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After 5½ yrs of silence about his real accomplices, liar Ralph Crompton reveals existance of possible real accomplices: he may be telling the truth this time but Florida and Canada won't give disclosure to indicted Monique Turenne so she can answer to Crompton's lies which find her facing extradition to a Kangaroo Court.

Ralph Crompton claims jury was coerced

Ralph Crompton

A convicted murderer was back in court Friday to argue again that the jury that found him guilty in 1996 was coerced.

Ralph Crompton, 46, was sentenced to life in prison on Nov. 25, 1996, for the first-degree murder of David Turenne. Crompton, according to investigators, was having an affair with Turenne's wife, Monique, and beat to death the 42-year-old Canadian airman outside his Panama City home in February 1996. David Turenne was stationed at Tyndall Air Force Base.

Crompton admitted hitting Turenne, but says Monique Turenne delivered the fatal blow.

Monique Turenne moved back to Canada sometime after the killing, but before she was indicted. A Canadian judge cleared her for extradition in 1999. Her case has been working its way slowly through the high court system there without a resolution expected in the near future.

On Friday, Crompton argued in front of Circuit Judge Don T. Sirmons that he should be given a new trial because his defense attorney didn't talk to some possible witnesses and two jurors may have been coerced into delivering a guilty verdict.

That argument was denied at trial after Circuit Judge Glenn Hess, the trial judge, interviewed the jurors in question after the verdict. Crompton again argued the jury was coerced in 1999 before the First District Court of Appeals. That court upheld Crompton's conviction and denied him a new trial.

On Friday, Crompton brought two daughters and two former bailiffs to the stand. All said they heard arguing in the jury room during deliberations. One female juror apparently left the room and might have been crying, his daughters said.

Sheila Sharp, a bailiff for nine years who was chief security officer for Crompton's trial, said when she opened the jury room door to allow that woman back in, two other women told her they were tired, wanted to leave and speak to the judge.

The deliberations had gone into the early morning hours.

Sharp said she relayed the message to Hess. Hess, she said, after conferring with defense attorney Waylon Graham and prosecutor Larry Basford, told her to ignore their request and let them continue deliberating.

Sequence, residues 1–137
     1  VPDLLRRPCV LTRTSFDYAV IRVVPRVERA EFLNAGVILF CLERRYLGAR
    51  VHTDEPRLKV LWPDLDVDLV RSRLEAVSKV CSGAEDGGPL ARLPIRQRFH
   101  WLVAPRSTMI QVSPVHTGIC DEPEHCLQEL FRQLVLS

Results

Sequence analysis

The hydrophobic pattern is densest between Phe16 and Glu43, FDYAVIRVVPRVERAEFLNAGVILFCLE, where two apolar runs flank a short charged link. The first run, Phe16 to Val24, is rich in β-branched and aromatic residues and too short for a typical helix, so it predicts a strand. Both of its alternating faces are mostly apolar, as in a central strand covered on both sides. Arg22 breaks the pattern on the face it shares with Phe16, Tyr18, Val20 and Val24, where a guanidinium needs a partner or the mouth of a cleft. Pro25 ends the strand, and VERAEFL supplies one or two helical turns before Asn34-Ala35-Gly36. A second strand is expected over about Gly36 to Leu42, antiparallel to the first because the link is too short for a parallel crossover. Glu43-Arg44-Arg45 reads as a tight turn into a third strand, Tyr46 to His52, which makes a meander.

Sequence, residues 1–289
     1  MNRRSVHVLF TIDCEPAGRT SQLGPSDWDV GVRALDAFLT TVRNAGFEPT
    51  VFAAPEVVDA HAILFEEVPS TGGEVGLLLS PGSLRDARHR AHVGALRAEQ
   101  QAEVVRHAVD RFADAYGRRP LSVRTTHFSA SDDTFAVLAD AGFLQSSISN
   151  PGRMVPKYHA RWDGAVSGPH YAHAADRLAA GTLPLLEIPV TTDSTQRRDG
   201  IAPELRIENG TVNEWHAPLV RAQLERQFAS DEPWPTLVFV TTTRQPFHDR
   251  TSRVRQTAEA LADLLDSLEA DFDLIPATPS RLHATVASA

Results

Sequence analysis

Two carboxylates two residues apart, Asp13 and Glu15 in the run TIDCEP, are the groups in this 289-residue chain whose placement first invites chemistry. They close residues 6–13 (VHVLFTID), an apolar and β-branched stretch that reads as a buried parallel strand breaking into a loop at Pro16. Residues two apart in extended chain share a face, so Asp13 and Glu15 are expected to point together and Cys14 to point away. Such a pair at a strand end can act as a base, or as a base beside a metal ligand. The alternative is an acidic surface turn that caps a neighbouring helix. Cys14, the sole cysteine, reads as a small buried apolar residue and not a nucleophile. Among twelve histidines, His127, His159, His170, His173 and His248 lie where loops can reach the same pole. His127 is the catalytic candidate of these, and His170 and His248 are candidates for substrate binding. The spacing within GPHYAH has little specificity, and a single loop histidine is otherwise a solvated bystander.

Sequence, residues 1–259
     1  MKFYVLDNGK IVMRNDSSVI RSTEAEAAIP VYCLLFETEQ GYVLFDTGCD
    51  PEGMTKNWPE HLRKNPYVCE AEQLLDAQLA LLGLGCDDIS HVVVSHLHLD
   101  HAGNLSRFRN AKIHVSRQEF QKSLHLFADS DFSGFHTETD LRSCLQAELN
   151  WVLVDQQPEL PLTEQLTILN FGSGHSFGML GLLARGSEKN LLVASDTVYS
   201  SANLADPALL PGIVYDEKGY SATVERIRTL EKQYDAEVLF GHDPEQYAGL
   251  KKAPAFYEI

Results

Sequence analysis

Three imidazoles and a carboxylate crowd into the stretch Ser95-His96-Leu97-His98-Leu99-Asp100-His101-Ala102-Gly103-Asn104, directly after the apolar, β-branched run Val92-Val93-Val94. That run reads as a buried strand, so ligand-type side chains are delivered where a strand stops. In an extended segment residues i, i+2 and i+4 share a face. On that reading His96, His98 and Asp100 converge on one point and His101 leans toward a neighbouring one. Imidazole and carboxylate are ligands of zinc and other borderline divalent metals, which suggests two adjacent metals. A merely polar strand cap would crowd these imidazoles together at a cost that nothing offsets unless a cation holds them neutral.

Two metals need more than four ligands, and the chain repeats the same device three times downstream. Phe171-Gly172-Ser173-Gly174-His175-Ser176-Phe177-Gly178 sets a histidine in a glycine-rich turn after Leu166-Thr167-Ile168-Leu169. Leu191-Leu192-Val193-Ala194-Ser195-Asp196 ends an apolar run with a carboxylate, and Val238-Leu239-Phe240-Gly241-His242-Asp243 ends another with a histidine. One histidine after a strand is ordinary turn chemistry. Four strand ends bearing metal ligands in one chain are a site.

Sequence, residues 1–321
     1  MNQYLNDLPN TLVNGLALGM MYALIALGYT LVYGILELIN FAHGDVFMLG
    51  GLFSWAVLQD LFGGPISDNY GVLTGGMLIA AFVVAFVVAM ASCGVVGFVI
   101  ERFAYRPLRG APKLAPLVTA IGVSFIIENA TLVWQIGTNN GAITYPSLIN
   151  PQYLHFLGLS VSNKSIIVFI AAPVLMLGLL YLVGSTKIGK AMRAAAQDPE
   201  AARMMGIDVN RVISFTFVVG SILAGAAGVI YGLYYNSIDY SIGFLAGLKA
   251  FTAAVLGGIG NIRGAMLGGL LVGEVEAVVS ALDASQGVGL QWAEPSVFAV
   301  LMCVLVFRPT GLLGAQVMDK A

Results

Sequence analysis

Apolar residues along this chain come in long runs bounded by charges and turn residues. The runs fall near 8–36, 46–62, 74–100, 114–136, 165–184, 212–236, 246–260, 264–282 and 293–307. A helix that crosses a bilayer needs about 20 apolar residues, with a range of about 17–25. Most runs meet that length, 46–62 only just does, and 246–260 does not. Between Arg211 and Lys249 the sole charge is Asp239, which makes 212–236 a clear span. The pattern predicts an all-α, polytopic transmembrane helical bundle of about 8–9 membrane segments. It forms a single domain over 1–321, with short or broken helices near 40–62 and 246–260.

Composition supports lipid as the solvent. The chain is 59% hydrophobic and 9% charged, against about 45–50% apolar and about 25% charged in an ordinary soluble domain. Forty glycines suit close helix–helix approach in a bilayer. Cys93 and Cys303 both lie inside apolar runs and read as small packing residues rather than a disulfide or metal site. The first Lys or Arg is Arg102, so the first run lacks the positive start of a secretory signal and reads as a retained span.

"Everyone agreed to let it go on without interruption," Sharp said. Crompton wasn't present, she said, for that meeting.

Basford asked Sirmons to give him some time to get Hess on the stand to rebut this testimony. Sirmons continued the hearing until the scheduling could be worked out.

Crompton also asked the court to review some evidence presented at trial. Hairs apparently found in a stocking cap by Turenne's body were tested for a DNA match, which came up inconclusive. Crompton wanted those hairs tested again using more sophisticated methods now available.

One reason why, he said, Graham didn't do a thorough job representing him is because he didn't investigate a possible suspect - Diablo, "the tattoo guy."

Crompton's daughter, Mandy Tilley of Atlanta, testified that she remembered several conversations with her father before trial in which he mentioned "the tattoo guy." Diablo apparently worked at a tattoo parlor, she said, and Crompton told her he acted crazy. Crompton, Tilley said, told her Monique Turenne asked about Diablo at some time before the murder.

Sirmons didn't rule on any of the motions put before him. He said he'd keep Crompton in the Bay County Jail until the next hearing.


Why has no one investigated a possible connection between the use of David Turenne's credit card in Montreal five days after his death and the crazy "tattoo guy" Crompton told his daughter about before the trial?

Gary Wagner (who provided false testimony that Monique had approached him to get her a gun) was asked by Crompton to find Diablo a few days after his arrest. Gary Wagner NEVER informed the authorities/lawyers or the court about this. Could he be the man on the other side of the door while Diablo held Monique hostage in her own house the night of the murder? Who has the suitcase of money?

It is being raised in Quebec courts that a clear criminal pathway runs between Florida and Quebec as authorities seek to indict Hells Angels on running cocaine along that route.


Feb. 2003: Daniel, who drew this likeness of the probable killer, turned 18 this year. In the course of trying to gain access to the funds in David Turenne's estate, more information has surfaced which points to dirty police work. Monique Turenne has known for some time that Winnipeg cop Loren Schinkel made up a statement and forged her signature on it. She has also been aware that the police collaborated with mischievous relatives whose only interest was gaining control of the estate. It now seems likely that the police have forged another signature.

pony-tailed man

This rendering is by Monique Turenne's son Daniel who also saw the pony-tailed man who threatened to kill her and her children if she said anything: this was just before she discovered her husband's murdered body outside. Later, references to "another suspect" and "Diablo" would show up in the Panama City press; disclosure of Crompton's trial transcripts and the transcripts of her extradition hearing have been denied Turenne by the state of Florida